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What Obama's Victory Means for the Social Sector

By Tom Watson on November 7, 20082 Comments

[Cross-posted from onPhilanthropy.com]

In a victory that holds deep lessons for how nonprofit organizations and cause-driven ventures will organize volunteers and build support in the future, Barack Obama was elected President of the United States Tuesday in a near-landslide victory keyed by state-of-the-art social networking and online organizing.

The story of the Obama triumph is a political one to be sure; the campaign used all the traditional methods of organizing party politics, from endorsements and open-air rallies to television advertisements and neighborhood canvassing. It super-charged those traditional methods with the best online strategy ever employed in a national campaign, leveraging a digital toolset that kept supporters constantly in touch with the campaign superstructure. The Obama campaign carefully controlled the overall message and story – but it also made the key decision to free up content, unleash self-organized social networks, and encourage third-party innovations in software, web advocacy, and new media.

But it would be a mistake to view the Obama campaign solely as revolution within the political sphere.

Obama’s victory and the online army of volunteers and supporters that drove it should be viewed as both proof of the vast organizational possibilities of a mature wired network – and an impetus for further investment by nonprofits and social entrepreneurs in connecting people via the CauseWired Internet.

Obama’s online success combined two seemingly opposing core strategies: a tightly-controlled, and well-organized website with simple messaging and the slickest branding of any campaign in history and an architecture for distribution that basically told supporters, “here’s what we’ve got, now show us what you can do with it.” For all the money the Obama campaign spent on media in the 2008 cycle (perhaps the largest total media buy in history), it was that army of digital volunteers that made every dollar spent on branding and communications feel like two or three dollars in actual outreach to real voters. At the center of this effort was a clever platform designed to make even the slightest of supporters feel at home; My.BarackObama.com was a virtual organizing center that combined blogs, outreach groups, virtual volunteering, fundraising and a series of tools designed to give each Obama activist the media or the network needed to recruit other supporters.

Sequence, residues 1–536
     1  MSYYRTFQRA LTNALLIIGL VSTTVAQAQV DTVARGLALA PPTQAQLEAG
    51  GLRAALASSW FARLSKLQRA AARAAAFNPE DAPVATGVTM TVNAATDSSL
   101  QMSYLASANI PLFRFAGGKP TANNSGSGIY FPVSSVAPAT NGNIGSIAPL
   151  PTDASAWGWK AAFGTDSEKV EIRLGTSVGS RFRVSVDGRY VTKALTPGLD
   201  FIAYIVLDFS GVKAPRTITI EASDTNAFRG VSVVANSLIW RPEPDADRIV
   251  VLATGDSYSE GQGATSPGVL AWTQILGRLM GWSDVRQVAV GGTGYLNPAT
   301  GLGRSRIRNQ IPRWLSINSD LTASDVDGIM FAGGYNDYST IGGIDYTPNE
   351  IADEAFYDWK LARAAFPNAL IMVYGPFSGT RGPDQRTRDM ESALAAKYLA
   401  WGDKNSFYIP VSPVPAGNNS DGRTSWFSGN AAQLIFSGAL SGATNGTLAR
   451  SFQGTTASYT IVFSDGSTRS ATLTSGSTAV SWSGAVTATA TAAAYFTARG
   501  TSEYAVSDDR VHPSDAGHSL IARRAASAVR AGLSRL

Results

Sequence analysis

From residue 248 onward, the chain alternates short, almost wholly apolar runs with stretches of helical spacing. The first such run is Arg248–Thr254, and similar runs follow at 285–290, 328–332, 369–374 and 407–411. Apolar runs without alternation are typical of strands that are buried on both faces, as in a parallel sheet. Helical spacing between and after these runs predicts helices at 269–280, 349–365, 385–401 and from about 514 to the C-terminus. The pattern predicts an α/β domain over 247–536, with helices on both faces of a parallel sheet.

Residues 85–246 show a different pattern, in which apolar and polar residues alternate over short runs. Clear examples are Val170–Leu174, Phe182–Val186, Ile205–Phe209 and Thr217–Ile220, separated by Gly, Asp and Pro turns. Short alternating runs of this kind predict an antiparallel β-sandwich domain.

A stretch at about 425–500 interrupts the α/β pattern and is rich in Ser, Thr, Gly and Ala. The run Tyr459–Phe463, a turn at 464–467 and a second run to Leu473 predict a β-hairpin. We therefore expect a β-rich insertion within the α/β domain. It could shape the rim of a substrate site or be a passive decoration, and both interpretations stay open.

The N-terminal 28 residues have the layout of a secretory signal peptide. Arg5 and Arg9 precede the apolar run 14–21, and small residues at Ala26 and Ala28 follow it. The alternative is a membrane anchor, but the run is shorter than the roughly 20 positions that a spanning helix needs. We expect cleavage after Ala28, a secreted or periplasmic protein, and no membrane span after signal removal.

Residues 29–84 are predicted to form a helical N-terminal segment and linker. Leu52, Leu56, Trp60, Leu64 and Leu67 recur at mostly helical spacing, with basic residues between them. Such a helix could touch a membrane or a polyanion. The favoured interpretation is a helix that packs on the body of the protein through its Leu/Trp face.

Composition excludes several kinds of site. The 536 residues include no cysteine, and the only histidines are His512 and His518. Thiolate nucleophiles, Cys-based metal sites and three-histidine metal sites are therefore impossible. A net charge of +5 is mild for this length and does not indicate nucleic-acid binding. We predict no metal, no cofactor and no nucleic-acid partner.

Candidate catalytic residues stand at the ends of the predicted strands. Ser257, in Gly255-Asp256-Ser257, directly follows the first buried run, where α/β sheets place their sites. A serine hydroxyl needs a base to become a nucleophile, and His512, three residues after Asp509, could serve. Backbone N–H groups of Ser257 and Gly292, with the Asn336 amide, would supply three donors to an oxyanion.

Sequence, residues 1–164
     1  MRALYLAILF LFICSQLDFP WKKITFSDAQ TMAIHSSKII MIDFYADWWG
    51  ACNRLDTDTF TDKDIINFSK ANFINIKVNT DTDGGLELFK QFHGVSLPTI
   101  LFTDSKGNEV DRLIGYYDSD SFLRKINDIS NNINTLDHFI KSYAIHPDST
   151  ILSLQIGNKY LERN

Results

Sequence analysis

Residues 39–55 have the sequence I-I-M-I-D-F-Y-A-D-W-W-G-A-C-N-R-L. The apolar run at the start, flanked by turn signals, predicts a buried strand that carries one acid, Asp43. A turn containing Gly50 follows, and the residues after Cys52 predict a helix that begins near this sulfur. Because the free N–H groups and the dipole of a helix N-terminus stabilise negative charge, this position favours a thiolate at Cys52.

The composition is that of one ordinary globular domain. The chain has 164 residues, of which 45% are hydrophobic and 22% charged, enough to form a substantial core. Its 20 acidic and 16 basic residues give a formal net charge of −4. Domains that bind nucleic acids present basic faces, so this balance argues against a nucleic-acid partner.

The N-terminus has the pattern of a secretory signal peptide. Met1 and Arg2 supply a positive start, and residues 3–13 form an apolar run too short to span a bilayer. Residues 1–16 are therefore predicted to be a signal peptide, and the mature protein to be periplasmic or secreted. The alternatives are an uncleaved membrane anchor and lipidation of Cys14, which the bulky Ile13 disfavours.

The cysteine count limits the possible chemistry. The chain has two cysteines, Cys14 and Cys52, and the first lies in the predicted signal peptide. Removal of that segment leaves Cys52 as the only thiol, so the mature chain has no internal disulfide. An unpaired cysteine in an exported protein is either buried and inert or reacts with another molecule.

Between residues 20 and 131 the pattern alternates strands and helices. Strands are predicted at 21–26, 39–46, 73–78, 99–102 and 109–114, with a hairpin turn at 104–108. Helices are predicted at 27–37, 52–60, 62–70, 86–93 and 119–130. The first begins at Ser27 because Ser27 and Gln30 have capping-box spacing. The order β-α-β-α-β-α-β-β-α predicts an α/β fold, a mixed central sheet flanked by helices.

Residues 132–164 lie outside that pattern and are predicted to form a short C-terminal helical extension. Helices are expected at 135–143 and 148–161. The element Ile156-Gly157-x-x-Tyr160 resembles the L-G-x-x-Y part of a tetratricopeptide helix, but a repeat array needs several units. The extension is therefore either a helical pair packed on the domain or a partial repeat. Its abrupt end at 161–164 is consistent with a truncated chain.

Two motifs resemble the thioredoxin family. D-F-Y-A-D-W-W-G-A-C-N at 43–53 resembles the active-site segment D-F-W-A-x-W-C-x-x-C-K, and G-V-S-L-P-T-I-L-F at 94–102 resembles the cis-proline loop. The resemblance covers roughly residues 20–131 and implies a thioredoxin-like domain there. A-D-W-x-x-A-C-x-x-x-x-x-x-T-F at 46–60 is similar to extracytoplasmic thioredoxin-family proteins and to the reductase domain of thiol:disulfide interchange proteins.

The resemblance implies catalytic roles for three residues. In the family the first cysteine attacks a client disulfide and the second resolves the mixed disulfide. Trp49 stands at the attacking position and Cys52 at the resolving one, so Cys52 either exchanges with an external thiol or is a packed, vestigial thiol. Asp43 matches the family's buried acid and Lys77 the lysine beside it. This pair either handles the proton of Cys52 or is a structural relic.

From the start, the campaign was agnostic about platforms and the content and organizing tools available on My.BarackObama.com migrated almost anywhere a digital conversation could take place. You could easily take your support for Obama on the virtual road, to your own social networks at Facebook, LinkedIn and MySpace, by sharing media Flickr and YouTube, by voting up top stories at Digg.com or by participating in social networks targeted toward various demographic groups, like Eons (Baby Boomers), BlackPlanet (African-Americans), Faithbase (church-goers), AsianAve.com (Asian-Americans), and MiGente.com (Latinos). And everywhere you went, the ubiquitous Obama brand followed, centered on hagiographic photos and a campaign insignia that was one part Tolkien’s “one true ring,” and another part Middle America margarine logo.